Free soil, free men, free speech, Frémont.
The Republican Party rallying cry in 1856.
According to Brady ("Clavis Calendaria"), this designation arose
from the fact that in an old romance a prince of the name of
Crispin is made to exercise, in honour of his namesake, Saint
Crispin, the trade of shoemaking. There is a tradition that King
Edward IV., in one of his disguises, once drank with a party of
shoemakers, and pledged them. The story is alluded to in the old
play of "George a-Greene" (1599):--
Marry, because you have drank with the King,
And the King hath so graciously pledged you,
You shall no more be called shoemakers;
But you and yours, to the world's end,
Shall be called the trade of the gentle craft.
Gentlemen of the French guard, fire first.
Lord C. Hay at the battle of Fontenoy, 1745. To which the Comte
d'Auteroches replied, "Sir, we never fire first; please to fire
yourselves."--FOURNIER: _L'Esprit dans l'histoire._
Good as a play.
An exclamation of Charles II. when in Parliament attending the
discussion of Lord Ross's Divorce Bill.
The king remained in the House of Peers while his speech was
taken into consideration,--a common practice with him; for the
debates amused his sated mind, and were sometimes, he used to
say, as good as a comedy.--MACAULAY: _Review of the Life and
Writings of Sir William Temple._
Nullos his mallem ludos spectasse.--HORACE: _Satires, ii. 8, 79._
Greatest happiness of the greatest number.
That action is best which procures the greatest happiness for the
greatest numbers.--HUTCHESON: _Inquiry concerning Moral Good and
Evil, sect. 3._ (1720.)
Priestley was the first (unless it was Beccaria) who taught my
lips to pronounce this sacred truth,--that the greatest happiness
of the greatest number is the foundation of morals and
legislation.--BENTHAM: _Works, vol. x. p. 142._
The expression is used by Beccaria in the introduction to his
"Essay on Crimes and Punishments." (1764.)
Hanging of his cat on Monday
For killing of a mouse on Sunday.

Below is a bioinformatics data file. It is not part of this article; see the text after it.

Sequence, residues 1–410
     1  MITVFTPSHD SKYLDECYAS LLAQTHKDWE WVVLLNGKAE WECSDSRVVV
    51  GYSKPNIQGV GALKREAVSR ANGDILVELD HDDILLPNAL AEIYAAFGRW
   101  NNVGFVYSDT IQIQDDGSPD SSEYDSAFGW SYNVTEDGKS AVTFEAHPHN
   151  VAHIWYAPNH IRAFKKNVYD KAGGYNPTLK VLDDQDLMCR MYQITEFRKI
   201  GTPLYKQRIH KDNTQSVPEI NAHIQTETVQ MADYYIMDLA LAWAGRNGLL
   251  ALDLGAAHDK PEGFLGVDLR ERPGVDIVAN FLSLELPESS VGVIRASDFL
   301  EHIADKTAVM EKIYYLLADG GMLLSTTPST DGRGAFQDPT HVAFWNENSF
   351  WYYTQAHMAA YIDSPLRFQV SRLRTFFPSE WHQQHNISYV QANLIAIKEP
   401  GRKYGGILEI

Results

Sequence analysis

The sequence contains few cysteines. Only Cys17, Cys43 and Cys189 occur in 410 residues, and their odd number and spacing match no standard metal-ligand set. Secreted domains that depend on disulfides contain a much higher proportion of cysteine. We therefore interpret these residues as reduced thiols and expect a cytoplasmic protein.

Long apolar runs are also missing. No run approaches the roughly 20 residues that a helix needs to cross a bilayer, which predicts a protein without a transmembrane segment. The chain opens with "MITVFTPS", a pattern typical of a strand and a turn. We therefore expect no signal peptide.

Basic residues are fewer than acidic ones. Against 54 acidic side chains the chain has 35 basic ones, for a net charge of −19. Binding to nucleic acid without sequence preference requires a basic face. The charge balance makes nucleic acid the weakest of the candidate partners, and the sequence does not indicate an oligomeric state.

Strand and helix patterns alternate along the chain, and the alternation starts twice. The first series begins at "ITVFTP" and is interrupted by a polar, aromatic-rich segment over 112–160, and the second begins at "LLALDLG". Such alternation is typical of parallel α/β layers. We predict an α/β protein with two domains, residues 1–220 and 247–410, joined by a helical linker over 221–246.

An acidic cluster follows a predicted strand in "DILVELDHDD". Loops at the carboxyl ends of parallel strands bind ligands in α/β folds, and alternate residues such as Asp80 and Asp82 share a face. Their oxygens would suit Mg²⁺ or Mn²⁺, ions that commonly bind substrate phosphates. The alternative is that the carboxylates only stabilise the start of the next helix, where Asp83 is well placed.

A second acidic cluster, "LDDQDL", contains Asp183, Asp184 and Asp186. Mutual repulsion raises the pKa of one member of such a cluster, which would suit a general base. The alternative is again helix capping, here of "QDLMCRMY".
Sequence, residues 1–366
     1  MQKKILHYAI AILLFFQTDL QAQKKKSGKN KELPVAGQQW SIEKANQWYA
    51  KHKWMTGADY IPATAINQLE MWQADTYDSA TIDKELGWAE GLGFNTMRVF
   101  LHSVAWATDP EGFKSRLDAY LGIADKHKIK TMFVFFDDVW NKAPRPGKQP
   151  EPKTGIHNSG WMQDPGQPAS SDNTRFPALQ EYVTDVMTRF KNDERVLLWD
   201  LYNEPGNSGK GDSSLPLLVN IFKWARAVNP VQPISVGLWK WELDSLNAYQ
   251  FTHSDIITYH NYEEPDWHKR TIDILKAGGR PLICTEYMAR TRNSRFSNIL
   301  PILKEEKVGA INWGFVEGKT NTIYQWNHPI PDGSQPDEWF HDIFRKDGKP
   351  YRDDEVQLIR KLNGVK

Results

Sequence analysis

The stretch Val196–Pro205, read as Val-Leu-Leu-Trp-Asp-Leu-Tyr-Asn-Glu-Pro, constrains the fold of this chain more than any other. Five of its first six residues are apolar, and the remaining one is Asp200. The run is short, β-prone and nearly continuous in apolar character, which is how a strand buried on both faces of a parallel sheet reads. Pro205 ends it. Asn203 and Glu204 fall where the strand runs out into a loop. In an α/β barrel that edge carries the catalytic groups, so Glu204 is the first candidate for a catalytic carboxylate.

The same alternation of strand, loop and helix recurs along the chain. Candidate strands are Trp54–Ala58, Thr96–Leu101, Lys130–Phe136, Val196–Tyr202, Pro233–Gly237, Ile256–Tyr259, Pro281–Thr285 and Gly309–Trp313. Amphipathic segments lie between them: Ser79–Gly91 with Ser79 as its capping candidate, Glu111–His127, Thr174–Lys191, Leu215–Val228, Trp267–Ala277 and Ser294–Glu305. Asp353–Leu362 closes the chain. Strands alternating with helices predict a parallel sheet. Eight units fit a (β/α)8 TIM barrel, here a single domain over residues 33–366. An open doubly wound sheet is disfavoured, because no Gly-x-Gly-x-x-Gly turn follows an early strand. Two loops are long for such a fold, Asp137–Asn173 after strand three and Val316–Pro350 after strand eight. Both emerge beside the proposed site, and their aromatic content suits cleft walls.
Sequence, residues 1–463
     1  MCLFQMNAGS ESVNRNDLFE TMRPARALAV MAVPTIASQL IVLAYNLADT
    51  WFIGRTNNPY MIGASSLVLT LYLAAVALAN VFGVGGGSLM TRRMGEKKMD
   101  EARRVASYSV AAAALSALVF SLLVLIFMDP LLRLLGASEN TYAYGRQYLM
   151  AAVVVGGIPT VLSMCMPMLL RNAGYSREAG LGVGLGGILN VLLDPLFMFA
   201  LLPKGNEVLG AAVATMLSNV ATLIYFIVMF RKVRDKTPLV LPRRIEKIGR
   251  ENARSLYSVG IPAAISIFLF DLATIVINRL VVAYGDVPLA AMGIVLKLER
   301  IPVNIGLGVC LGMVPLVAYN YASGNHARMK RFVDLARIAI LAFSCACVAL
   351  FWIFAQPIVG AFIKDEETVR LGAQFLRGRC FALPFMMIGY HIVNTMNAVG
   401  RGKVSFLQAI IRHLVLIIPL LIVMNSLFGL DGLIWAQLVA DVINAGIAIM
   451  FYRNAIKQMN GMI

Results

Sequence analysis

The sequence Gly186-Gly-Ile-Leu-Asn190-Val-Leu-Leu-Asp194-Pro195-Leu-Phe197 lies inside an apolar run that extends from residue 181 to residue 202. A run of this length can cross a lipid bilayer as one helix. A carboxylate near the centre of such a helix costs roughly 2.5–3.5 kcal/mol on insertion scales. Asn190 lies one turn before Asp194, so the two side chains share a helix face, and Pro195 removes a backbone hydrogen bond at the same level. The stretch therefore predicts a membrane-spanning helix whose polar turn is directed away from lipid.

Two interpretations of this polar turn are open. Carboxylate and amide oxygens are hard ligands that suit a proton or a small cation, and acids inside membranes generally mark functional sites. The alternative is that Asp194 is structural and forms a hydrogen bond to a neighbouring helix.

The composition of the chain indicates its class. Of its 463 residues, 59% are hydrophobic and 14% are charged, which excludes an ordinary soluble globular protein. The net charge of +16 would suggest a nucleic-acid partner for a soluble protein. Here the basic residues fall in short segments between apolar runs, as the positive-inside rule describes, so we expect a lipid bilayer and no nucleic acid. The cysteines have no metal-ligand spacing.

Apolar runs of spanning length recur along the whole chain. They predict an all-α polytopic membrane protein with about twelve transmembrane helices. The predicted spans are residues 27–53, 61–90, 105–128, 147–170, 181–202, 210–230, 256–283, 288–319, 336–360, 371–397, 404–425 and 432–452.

_Drunken Barnaby's Four Journeys_ (edition of 1805, p. 5).
Tobias Hobson (died 1630) was the first man in England that let
out hackney horses. When a man came for a horse he was led into
the stable, where there was a great choice, but he obliged him to
take the horse which stood next to the stable-door; so that every
customer was alike well served according to his chance,--from
whence it became a proverb when what ought to be your election
was forced upon you, to say, "Hobson's choice."--_Spectator, No.
Where to elect there is but one,
'T is Hobson's choice,--take that or none.
THOMAS WARD (1577-1639): _England's Reformation, chap. iv. p. 326._
Intolerable in Almighty God to a black beetle.
Lord Coleridge remarked that Maule told him what he said in the
"black beetle" matter: "Creswell, who had been his pupil, was on
the other side in a case where he was counsel, and was very lofty
in his manner. Maule appealed to the court: 'My lords, we are
vertebrate animals, we are mammalia! My learned friend's manner
would be intolerable in Almighty God to a black beetle.'"
(Repeated to a member of the legal profession in the United
It is a far cry to Lochow.
Lochow and the adjacent districts formed the original seat of the
Campbells. The expression of "a far cry to Lochow" was
proverbial. (Note to Scott's "Rob Roy," chap. xxix.)
BACON: _Henry VII._ SIDNEY: _On Government, vol. i. chap. ii.
sect. 24._ FULLER: _A Pisgah Sight of Palestine, book iv. chap.
ii._ SOUTH: _Sermon, vol. viii. p. 403._ DRYDEN: _MacFlecknoe._
MATHEW HENRY: _Commentaries, Psalm lxxxviii._ JOHNSON: _Life of
Lyttelton._ BURKE: _On the French Revolution._
Nisi suadeat intervallis.
BRACTON: _Folio 1243 and folio 420 b. Register Original, 267 a._
Mince the matter.
CERVANTES: _Don Quixote, Author's Preface._ SHAKESPEARE:
_Othello, act ii. sc. 3._ WILLIAM KING: _Ulysses and Teresias._
Months without an R.
It is unseasonable and unwholesome in all months that have not an
_R_ in their name to eat an oyster.--BUTLER: _Dyet's Dry Dinner._
Nation of shopkeepers.
From an oration purporting to have been delivered by Samuel Adams
at the State House in Philadelphia, Aug. 1, 1776. (Philadelphia,
printed; London, reprinted for E. Johnson, No. 4 Ludgate Hill,
1776.) W. V. Wells, in his Life of Adams, says: "No such American